Political Hero from the Bible: Paul

In this series we take a look at 'political heroes' from the Bible and see what lessons we can take from them in today's political arena. This latest article looks at Paul.

The story of Paul is a remarkable one. In the course of his life he was imprisoned, exiled, beaten, stoned, starved and shipwrecked no less than three times. After all this, many would have opted for a quieter life. But Paul never took the easy way out and instead embodied persistence in the face of trials. But what’s this got to do with politics? Paul’s teaching and life had deeply political implications, which can help us as we engage with politics today. Here’s how:

Paul abandoned status

Paul was an enthusiastic member of the most active party in the Jewish political world and was almost certainly the holder of a key party office. He was a kind of roving representative of the Sanhedrin (the top governing body of the Jews in the first century AD) whose primary policy was to sniff out and kill Christians.

After his remarkable conversion on the road to Damascus, where Paul comes face to face with Jesus, he quickly descends the social and political pecking order. Becoming a Christian meant Paul lost his status and potential career as a leading Pharisee. This dramatic descent due to faith is perhaps why Paul emphasises the divine’s own descent to earth and subsequent execution as a slave (1 Corinthians 1:20).

Paul’s fall from power in the world’s eyes, didn’t mean he disengaged from society. In the same way God led Daniel to Babylon and Joseph to Egypt, He led Paul to Rome: the political hub of the Roman Empire. Here he engaged profoundly with the world around him at all levels of society. When he commands disciples to put on the ‘Armour of God’, this isn’t a metaphor for disciples to disengage with the world but to be spiritually prepared for going into the world.  

Paul’s citizenship was with Christ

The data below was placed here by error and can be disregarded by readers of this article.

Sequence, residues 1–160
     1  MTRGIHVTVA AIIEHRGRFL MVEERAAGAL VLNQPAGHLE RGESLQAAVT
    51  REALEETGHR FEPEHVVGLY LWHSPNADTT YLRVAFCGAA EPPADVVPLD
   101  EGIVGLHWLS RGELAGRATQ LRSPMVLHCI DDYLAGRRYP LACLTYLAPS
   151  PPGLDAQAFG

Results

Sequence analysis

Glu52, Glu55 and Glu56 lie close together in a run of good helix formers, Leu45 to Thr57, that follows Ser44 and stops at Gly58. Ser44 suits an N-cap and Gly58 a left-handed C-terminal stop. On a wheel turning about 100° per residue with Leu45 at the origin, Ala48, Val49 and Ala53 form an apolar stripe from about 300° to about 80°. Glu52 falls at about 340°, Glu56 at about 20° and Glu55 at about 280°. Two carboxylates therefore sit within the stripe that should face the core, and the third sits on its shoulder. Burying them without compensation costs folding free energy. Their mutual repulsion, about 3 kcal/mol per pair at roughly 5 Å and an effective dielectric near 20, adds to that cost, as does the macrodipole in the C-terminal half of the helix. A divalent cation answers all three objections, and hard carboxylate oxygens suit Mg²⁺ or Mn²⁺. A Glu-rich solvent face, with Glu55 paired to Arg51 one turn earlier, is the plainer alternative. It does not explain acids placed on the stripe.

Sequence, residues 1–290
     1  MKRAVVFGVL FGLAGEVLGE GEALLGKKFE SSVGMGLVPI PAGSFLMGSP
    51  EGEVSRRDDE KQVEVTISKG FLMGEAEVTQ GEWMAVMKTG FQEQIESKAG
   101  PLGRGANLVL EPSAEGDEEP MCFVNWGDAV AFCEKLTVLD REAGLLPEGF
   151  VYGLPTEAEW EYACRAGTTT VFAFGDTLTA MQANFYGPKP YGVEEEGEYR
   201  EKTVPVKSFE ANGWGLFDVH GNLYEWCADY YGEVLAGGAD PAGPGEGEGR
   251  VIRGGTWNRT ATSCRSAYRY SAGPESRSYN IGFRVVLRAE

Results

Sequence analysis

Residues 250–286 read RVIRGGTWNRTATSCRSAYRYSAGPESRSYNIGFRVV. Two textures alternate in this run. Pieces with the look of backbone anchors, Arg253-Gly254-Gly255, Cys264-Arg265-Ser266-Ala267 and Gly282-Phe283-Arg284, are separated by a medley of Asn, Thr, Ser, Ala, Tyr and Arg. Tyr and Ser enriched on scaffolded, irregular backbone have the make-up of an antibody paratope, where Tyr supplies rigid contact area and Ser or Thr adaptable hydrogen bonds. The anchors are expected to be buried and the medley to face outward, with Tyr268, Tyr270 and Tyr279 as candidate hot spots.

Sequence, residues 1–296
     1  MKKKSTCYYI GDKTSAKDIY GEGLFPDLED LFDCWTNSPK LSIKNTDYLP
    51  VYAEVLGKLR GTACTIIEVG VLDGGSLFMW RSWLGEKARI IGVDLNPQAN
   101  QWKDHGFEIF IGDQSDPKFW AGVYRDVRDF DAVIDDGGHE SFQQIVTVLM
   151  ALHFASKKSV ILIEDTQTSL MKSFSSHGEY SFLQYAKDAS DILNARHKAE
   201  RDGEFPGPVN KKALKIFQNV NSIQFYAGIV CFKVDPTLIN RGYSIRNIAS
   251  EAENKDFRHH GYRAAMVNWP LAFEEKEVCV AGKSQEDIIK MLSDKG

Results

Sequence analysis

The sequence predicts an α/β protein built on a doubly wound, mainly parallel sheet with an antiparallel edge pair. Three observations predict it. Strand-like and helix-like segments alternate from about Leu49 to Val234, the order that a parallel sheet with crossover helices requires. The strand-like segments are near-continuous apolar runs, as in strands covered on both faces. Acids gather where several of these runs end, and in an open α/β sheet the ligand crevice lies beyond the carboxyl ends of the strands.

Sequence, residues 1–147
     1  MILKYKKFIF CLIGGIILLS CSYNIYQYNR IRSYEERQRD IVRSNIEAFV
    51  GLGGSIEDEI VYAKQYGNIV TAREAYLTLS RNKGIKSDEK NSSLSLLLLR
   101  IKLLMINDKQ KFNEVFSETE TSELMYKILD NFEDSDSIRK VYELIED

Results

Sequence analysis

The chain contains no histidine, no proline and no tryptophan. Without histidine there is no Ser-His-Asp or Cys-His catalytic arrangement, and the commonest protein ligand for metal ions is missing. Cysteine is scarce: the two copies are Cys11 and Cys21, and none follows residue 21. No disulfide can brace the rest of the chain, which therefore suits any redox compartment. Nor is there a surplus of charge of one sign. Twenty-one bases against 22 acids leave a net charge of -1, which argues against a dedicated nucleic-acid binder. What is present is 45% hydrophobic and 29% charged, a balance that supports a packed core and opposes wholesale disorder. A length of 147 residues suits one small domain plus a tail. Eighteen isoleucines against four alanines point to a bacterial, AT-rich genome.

The reason why, despite his loss of status, Paul could engage so profoundly in the world around him was that his citizenship was with Christ (Philippians 3:20-21). Paul had full assurance in his saviour to the point that shortly before his death he wrote “to live is Christ, to die is gain” (Philippians 1:21). This left no room for fear because God’s love had cast out all doubt.

While as Christians engaged in politics we have little to fear from persecution or threat of death, we are sometimes limited by fear of man. This means we are afraid to speak up for what we believe in, or show up in places of power, for fear of failure or what people may say. Paul teaches us that we are to live without fear and to fix our eyes on Jesus.

Paul understood the goodness of government

Romans 13:1-7, in which Paul states that everyone should submit to the government as it is instituted by God, is oft quoted in the context of a Christian's response to politics. Some have interpreted it as Paul telling Christians to be more concerned with their relationship with God and therefore simply submissive to the state. For others it has been used as a blank cheque for governments to do as they please as they have a higher authority. For Paul, neither of these interpretations are correct.

The state has its providential place in the established order of God, there to protect his creatures since creation through civil rules. This is true for ‘pagan’ and Christian rulers. In Isaiah, God appoints Cyrus even though he doesn’t know Him. Old Testament prophets such as Daniel and Jeremiah could also recognise God working through ‘pagan’ rulers. In Romans, Paul is carrying on this understanding of God’s sovereignty over all earthly authority.

Paul is also asserting that God instituted government to carry out justice and to restrain evil. When the state fails to do this, as is inevitable in a sinful world, the Christian is to stand up for God’s truth. In Babylon, Daniel didn’t submit to unjust laws (such as bowing down to statues) and Paul himself was imprisoned and killed for his refusal to comply with Roman law.

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